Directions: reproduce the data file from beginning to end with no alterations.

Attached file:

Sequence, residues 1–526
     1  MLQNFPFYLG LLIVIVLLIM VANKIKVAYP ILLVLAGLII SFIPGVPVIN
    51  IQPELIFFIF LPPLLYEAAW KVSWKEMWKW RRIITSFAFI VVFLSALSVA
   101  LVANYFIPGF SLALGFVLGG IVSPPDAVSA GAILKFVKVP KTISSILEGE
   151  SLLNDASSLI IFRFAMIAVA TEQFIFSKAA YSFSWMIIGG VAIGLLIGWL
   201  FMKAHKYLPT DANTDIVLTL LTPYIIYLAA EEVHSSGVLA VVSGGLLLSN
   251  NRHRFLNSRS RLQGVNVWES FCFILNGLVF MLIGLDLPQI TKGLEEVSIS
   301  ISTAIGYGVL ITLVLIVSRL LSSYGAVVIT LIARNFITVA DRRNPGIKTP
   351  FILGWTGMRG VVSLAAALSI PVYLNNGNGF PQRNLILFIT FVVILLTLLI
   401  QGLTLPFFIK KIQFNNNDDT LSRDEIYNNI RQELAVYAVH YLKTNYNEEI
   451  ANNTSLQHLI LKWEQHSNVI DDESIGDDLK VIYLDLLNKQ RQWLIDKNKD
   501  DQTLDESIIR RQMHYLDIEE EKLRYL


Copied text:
Sequence, residues 1–526
     1  MLQNFPFYLG LLIVIVLLIM VANKIKVAYP ILLVLAGLII SFIPGVPVIN
    51  IQPELIFFIF LPPLLYEAAW KVSWKEMWKW RRIITSFAFI VVFLSALSVA
   101  LVANYFIPGF SLALGFVLGG IVSPPDAVSA GAILKFVKVP KTISSILEGE
   151  SLLNDASSLI IFRFAMIAVA TEQFIFSKAA YSFSWMIIGG VAIGLLIGWL
   201  FMKAHKYLPT DANTDIVLTL LTPYIIYLAA EEVHSSGVLA VVSGGLLLSN
   251  NRHRFLNSRS RLQGVNVWES FCFILNGLVF MLIGLDLPQI TKGLEEVSIS
   301  ISTAIGYGVL ITLVLIVSRL LSSYGAVVIT LIARNFITVA DRRNPGIKTP
   351  FILGWTGMRG VVSLAAALSI PVYLNNGNGF PQRNLILFIT FVVILLTLLI
   401  QGLTLPFFIK KIQFNNNDDT LSRDEIYNNI RQELAVYAVH YLKTNYNEEI
   451  ANNTSLQHLI LKWEQHSNVI DDESIGDDLK VIYLDLLNKQ RQWLIDKNKD
   501  DQTLDESIIR RQMHYLDIEE EKLRYL